Escher was real. In India.

“At that moment the bottom fell out of Arthur’s mind. His eyes turned inside out. His feet began to leak out of the top of his head. The room folded flat about him, spun around, shifted out of existence and left him sliding into his own navel. They were passing through hyperspace.”

Douglas Adams, The Hitch-Hikers Guide to the Galaxy

If you thought M.C.Escher’s reality-twisting drawings were a by-product of his imagination totally irrelevant to Man busy with remodeling his terraced house, go through this gallery of Indian temples step wells by Victoria Lautman (and some Escher drawings), and think again.

I don’t remember when was the last time ancient architecture stunned me so much.


  1. Well, well.

    In the mid ’90s I was in Rishikesh and went to a Shiva temple in the hills. There were hundreds of people making the pilgrimage that day – from young men moving at a fast pace to old women in palanquins. The shrine (is that the right word) itself was a small room about ten or twelve feet square with a Shiva lingam stone in it and man sitting there. We filed in one door and out another, encouraged along by guards. It was over in seconds.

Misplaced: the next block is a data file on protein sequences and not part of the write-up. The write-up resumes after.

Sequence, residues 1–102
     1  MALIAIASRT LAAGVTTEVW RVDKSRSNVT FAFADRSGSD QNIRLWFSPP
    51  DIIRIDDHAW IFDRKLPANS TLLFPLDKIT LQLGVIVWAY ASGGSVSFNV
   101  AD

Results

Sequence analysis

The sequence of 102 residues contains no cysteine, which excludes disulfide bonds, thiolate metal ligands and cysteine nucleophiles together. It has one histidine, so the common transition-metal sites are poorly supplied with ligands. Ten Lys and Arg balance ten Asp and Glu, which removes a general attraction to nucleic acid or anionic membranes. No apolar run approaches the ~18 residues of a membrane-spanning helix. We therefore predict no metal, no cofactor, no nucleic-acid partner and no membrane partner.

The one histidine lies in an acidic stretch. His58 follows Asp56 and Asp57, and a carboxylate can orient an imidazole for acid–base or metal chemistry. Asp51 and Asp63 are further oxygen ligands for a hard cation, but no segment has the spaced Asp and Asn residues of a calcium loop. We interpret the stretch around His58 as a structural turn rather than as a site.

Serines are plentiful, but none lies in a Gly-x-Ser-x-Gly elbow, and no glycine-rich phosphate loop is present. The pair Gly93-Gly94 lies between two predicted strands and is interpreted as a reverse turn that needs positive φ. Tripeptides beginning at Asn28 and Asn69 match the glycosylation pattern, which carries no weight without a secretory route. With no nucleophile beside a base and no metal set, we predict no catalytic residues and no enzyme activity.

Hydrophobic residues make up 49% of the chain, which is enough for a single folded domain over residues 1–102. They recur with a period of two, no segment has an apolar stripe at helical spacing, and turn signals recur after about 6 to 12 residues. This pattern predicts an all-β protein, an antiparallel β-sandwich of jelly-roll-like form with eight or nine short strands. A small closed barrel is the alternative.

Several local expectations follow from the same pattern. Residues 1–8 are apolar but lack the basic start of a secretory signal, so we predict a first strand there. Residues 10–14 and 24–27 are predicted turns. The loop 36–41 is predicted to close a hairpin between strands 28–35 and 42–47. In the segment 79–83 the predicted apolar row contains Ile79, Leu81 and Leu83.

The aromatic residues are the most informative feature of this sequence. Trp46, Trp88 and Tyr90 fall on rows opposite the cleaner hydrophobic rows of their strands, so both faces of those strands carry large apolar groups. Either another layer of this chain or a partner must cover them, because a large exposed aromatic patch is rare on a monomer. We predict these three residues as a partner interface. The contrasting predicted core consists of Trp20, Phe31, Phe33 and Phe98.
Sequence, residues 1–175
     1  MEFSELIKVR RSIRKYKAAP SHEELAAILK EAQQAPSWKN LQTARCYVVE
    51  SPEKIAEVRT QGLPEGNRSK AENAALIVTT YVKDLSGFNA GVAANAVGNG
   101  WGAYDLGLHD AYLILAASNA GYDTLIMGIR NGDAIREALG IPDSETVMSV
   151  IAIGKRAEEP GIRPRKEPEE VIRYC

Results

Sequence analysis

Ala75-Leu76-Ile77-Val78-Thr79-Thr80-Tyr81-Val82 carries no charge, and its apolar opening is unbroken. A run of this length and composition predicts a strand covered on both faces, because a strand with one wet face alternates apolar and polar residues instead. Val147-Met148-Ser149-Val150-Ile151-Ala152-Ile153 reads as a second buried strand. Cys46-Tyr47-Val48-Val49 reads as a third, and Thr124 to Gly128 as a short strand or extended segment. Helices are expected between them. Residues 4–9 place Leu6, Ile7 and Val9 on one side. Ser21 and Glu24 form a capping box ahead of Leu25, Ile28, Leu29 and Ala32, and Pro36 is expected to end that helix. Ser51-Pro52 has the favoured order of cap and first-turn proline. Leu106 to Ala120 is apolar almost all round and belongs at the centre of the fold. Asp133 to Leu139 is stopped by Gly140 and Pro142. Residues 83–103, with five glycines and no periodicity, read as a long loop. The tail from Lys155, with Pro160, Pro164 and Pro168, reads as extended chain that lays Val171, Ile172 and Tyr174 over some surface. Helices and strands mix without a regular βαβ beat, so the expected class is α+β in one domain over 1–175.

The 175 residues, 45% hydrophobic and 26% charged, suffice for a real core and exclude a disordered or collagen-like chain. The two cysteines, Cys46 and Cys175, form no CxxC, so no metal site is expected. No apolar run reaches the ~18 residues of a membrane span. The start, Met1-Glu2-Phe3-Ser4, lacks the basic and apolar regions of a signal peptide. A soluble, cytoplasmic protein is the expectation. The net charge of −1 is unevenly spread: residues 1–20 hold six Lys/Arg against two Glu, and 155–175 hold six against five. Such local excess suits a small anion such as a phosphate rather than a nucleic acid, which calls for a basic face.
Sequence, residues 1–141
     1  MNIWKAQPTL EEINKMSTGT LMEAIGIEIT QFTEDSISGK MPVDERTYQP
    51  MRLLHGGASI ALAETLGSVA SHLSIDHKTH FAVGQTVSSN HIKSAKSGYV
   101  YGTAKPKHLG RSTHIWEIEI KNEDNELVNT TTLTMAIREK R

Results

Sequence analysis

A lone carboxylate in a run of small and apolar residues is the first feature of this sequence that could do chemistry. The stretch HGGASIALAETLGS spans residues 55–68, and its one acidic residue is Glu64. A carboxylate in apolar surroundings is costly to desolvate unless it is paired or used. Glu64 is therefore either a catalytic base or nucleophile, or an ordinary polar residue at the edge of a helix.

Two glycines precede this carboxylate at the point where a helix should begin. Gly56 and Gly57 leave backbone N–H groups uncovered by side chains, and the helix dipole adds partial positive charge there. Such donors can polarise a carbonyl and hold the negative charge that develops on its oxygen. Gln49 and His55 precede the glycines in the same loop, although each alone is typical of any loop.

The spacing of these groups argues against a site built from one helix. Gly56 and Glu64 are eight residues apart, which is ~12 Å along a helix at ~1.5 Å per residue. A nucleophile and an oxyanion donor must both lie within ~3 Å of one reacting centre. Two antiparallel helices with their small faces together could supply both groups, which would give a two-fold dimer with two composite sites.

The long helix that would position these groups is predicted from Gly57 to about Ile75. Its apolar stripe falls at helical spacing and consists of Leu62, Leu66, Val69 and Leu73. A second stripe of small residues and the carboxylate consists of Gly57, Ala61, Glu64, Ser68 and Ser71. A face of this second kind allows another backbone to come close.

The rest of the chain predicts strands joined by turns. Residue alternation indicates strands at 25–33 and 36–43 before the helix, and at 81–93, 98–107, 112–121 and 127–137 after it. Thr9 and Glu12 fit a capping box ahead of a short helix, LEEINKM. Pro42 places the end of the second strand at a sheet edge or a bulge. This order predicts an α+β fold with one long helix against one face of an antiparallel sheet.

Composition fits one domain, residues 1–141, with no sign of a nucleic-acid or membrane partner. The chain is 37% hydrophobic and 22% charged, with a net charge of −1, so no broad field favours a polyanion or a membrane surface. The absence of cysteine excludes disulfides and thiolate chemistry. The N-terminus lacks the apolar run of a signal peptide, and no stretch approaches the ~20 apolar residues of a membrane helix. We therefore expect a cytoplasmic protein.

But around the shrine was a huge temple complex. There was a river running right through it and we got to the shrine in mid air across a quadrangle open to the sky above, via a bridge encased with wire mesh at the sides and above, with guards with sticks standing on the mesh over our heads encouraging everyone to move along, move along.

    So there we were, up in the air on this bridge, like birds in a cage and I said to myself that it was like an Escher drawing.

  2. It reminds me, somewhat, of the Peach Tree Hotel in Atlanta, Georgia. Stairways going every which way. Rather disorienting to some degree. The Indian temples are another amazing engineering feat – Ajunta, Ellora, Ranakpur etc.

      1. There is so much to see that it would take years to do. Mumbai is close to Aurangabad where you could see the caves of Ellora and Ajunta. We have some friends who are Jains so they wanted us to see Ranakpur and Mount Abu. Put it on your to do list.

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